What Does a PT Do for Urinary Incontinence
As many of you may know that a physical therapists can help people to exercises with weights to help with strengthening or they can teach someone how to use crutches after surgery to help them walk. But how can physical therapists help with bladder or bowel problems like incontinence?
The pelvic floor muscle is a skeletal muscle just like other muscles in our body and they respond to
the same training techniques. Some physical therapists have developed special skills in
training the pelvic floor muscles. These therapists are called pelvic floor therapists.
If someone wants to strengthen their biceps arm muscle they have to learn the correct
exercises. Then they perform the exercises with the correct difficulty (not too hard, not too
easy) for the correct duration of time (it takes 4 to 6 months to increase the size of a
muscle). Pelvic floor muscle training is the same. First you have to learn the correct
exercise. This is challenging as it is an inside muscle and sometimes hard to find. In
fact, 40% of people are doing the exercise wrong. The best way to tell if you are doing
the exercise correctly is by palpating inside the vagina or rectum. A trained physical
therapist can measure the muscle by palpating just inside the vagina or rectum and asking
you to squeeze. This usually not painful but gives a lot of information about the muscle
How big is the muscle?
Can you feel the muscle?
Is the muscle painful and tense? – it is very important to relax and this may be the primary reason exercises do not work.
Can the muscle elevate and support the organs – especially important when the organs are sagging?
Can the muscle squeeze tight – to stop urine leakage?
Can you hold the contract – long enough to get to the bathroom?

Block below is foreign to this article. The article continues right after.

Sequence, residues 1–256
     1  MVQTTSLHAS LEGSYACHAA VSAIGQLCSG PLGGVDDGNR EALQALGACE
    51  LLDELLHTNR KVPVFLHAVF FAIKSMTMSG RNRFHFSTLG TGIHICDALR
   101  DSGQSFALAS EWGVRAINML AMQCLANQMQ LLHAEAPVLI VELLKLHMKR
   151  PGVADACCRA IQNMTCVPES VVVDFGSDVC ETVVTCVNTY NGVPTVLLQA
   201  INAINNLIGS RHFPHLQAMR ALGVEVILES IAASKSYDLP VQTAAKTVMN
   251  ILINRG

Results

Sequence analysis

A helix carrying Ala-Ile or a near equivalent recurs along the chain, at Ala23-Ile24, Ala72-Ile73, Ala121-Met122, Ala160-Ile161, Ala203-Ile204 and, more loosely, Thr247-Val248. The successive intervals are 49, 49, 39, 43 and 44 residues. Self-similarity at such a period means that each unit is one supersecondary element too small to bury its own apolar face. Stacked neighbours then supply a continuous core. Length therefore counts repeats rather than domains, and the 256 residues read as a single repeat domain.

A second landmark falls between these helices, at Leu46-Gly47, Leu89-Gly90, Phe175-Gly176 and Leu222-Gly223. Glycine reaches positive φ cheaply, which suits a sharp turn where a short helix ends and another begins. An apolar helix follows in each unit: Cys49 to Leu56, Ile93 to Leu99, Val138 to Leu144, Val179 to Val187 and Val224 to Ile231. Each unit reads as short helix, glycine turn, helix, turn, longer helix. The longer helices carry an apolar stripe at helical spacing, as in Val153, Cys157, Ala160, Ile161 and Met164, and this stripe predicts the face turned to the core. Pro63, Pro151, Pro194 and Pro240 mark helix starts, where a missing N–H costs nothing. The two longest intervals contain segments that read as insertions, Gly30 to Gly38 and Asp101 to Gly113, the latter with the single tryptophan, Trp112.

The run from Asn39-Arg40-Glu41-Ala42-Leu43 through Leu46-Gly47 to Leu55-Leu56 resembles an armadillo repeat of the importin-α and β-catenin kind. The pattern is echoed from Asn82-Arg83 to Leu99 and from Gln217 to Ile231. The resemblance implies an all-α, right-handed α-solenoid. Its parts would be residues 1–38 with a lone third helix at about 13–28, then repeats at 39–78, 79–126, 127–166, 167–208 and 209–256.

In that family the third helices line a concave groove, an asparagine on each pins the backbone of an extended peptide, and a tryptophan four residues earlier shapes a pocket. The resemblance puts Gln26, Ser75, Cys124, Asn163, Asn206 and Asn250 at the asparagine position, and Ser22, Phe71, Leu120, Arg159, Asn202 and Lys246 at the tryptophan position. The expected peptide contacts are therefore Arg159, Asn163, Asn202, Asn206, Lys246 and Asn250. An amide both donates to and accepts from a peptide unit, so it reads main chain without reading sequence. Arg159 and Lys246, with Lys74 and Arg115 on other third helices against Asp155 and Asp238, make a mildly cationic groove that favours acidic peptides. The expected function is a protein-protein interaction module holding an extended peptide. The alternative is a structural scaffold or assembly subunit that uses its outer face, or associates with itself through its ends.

Does the belly muscle work with (or against) the pelvic muscle?
Does the breathing work with the pelvic floor muscle?
All these things are helpful in developing the correct exercise program. In many cases
the exercises are difficult to learn and additional information is needed. EMG
biofeedback can help. This device allows you to see the muscle contraction just like the
EKG allows you to see the heart contraction. To monitor the pelvic floor muscle a sensor
is placed inside the rectum / vagina or stuck to the outside of the rectum. If the
contraction is strong the line goes up (and stays up). If the contraction is weak the line
does not go up very high and fall quickly. Seeing this can help you to activate the correct
muscles and keep them activated increasing the effect of the exercises.
A proper exercise program includes the answers these questions:
How long to hold the contraction?
How long to rest between? – rest is as important as hold
How many to do at a time and how many times to do them in a day? – studies tell us that you must do more than 45 per day to get results
What position should the exercises be done in?
How do you breathe during the exercises?
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